[00:22:11] He was, however, also reprimanded, told off, for not logging the incident correctly in the systems.

[00:22:19] In the end, Petrov never got his reward. Rewarding him would have put Soviet military leaders in a difficult position.

[00:22:27] Not only did he go against military protocol, but the false alarm highlighted bugs within the Soviet missile detection system, and embarrassed the military bosses and the scientists who had designed it. 

[00:22:41] If Petrov was to be publicly recognised and honoured, they would have had to be punished.

[00:22:47] So instead of being celebrated and thanked, he was denied promotions, reassigned, and took early retirement.

[00:22:56] Indeed, the story was not even known outside the secretive world of the Soviet military until the late 1990s when Votintsev wrote about Petrov in his 1998 memoir.

[00:23:08] With time, however, people began to recognise what Petrov had done.

[00:23:14] In 2006 he received an award from the Association of World Citizens in New York, and in 2013 won the Dresden Peace Prize.

[00:23:24] The country he served never rewarded him for his actions, and he would retire with a small pension in a suburb outside Moscow, before passing away in May of 2017.

[00:23:37] He will go down in history, however, as the unlikely man who just might have saved the world. 

[00:23:45] OK then, that is it for today’s episode on Stanislav Petrov, a man who, with his calm, common sense approach, prevented the world from being plunged into nuclear war.

[00:23:58] I hope it was an interesting one, and whether you knew a lot about Petrov and his life before today, or this was the first time you’d heard anything about him, well I hope you learned something new.

[00:24:09] As always, I would love to know what you thought about this episode.

[00:24:13] It’s one of those times when one unlikely person is required to make a huge decision with far-reaching consequences. Can you think of other examples?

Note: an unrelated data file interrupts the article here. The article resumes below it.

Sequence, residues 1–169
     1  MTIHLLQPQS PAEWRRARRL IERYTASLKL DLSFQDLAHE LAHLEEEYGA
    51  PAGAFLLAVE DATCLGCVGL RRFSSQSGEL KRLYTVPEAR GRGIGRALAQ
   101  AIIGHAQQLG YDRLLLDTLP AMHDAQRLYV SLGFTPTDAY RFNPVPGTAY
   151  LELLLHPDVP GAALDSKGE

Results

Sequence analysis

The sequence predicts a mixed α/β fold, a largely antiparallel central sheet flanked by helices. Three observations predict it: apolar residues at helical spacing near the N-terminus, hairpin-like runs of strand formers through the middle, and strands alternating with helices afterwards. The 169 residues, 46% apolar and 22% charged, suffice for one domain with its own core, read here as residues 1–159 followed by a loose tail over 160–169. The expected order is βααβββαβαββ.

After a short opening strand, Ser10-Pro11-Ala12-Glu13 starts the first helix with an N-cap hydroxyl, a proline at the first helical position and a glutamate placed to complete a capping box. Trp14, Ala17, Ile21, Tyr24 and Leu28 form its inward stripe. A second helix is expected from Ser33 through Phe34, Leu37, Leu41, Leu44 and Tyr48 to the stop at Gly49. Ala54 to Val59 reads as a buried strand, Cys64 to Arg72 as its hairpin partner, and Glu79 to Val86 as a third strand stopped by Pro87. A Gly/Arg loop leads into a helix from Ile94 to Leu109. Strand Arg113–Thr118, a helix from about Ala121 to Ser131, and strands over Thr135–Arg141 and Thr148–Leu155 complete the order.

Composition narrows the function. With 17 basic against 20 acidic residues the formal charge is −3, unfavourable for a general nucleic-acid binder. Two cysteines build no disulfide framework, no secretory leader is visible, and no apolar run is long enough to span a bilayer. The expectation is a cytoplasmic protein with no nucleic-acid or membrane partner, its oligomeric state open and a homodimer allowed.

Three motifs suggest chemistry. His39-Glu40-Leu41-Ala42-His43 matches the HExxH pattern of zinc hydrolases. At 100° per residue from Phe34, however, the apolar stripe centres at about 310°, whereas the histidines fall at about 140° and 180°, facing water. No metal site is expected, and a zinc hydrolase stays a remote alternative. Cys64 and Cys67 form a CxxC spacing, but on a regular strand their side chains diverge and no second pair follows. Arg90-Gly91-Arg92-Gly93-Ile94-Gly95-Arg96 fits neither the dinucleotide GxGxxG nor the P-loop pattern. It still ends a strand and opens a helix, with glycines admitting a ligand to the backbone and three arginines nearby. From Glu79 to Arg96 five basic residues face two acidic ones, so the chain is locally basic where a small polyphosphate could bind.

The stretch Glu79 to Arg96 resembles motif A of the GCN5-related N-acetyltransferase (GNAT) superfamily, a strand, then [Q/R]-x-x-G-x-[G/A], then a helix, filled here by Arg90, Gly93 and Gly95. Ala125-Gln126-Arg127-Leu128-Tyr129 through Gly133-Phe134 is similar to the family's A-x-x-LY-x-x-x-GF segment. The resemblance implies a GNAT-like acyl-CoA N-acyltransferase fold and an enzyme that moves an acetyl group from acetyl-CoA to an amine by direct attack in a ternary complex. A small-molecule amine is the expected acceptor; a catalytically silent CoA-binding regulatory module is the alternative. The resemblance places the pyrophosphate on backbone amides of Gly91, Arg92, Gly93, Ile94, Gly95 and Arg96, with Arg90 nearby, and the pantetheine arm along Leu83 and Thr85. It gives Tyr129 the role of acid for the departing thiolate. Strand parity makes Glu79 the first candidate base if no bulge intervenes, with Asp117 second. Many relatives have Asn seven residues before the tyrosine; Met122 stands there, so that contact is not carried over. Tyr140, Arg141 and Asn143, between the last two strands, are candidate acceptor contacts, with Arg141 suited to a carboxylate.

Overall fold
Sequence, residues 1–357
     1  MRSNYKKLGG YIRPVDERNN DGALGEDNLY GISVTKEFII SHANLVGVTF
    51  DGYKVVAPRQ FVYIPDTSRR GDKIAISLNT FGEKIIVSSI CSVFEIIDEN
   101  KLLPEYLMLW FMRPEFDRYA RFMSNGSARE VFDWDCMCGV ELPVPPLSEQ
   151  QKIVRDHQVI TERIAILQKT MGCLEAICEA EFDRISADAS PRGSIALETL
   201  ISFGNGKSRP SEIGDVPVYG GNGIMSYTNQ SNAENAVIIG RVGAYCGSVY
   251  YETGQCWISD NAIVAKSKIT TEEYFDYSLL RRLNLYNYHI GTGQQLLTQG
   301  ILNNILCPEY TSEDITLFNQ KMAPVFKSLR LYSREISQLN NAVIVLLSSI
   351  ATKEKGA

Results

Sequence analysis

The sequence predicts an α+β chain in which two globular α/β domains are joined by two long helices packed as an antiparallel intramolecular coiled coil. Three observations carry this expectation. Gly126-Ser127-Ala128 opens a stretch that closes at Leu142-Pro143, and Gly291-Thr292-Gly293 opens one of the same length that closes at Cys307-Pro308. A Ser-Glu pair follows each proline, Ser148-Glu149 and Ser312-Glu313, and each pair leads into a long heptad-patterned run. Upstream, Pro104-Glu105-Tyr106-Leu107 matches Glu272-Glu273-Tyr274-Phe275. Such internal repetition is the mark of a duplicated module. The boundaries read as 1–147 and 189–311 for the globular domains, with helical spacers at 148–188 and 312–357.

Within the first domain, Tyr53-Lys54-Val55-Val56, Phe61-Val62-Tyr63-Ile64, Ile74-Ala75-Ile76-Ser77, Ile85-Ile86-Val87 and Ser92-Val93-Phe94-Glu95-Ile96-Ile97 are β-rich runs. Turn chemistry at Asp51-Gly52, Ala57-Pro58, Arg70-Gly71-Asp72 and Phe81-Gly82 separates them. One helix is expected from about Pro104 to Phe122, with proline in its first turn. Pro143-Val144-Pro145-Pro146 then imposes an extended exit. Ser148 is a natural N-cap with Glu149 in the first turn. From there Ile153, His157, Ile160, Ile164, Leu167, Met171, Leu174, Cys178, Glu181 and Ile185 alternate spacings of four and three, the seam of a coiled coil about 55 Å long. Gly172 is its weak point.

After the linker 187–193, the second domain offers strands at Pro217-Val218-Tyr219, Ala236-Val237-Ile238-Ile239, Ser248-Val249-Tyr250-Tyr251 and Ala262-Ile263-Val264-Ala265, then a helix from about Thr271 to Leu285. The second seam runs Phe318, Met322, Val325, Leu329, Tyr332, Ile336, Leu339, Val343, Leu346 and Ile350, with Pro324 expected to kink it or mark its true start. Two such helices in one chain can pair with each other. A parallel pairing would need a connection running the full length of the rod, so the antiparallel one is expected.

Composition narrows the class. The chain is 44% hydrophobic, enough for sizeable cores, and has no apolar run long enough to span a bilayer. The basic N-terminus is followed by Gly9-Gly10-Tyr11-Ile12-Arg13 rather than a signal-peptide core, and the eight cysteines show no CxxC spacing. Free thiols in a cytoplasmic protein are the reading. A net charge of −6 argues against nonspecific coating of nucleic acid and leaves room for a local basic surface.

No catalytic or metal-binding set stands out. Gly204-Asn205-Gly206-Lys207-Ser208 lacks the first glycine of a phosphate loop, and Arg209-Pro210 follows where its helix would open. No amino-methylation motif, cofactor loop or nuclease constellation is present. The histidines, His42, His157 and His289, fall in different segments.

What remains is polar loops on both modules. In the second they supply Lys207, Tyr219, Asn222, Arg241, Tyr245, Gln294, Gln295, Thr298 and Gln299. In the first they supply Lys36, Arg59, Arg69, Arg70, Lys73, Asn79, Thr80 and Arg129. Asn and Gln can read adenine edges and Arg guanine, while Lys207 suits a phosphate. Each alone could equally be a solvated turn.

[00:24:22] What do you think would’ve happened if Petrov hadn’t been working that morning in September 1983?

[00:24:29] How different would the world look now?

[00:24:32] I would love to know, so let’s get this discussion started.

[00:24:35] You can head right into our community forum, which is at community.leonardoenglish.com and get chatting away to other curious minds.

[00:24:43] You've been listening to English Learning for Curious Minds, by Leonardo English.

[00:24:48] I'm Alastair Budge, you stay safe, and I'll catch you in the next episode.

[END OF EPISODE]

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[00:00:00] Hello, hello hello, and welcome to English Learning for Curious Minds, by Leonardo English.

[00:00:12] The show where you can listen to fascinating stories, and learn weird and wonderful things about the world at the same time as improving your English.

[00:00:22] I'm Alastair Budge, and today we are going to be talking about Stanislav Petrov, the man who some have said “saved the world”.

[00:00:31] At a time of intense geopolitical tension, Petrov’s common sense, his cool and calm demeanour, saved the world from nuclear holocaust.

[00:00:42] But interestingly enough, it wasn’t because of what he did, but rather, what he didn’t do…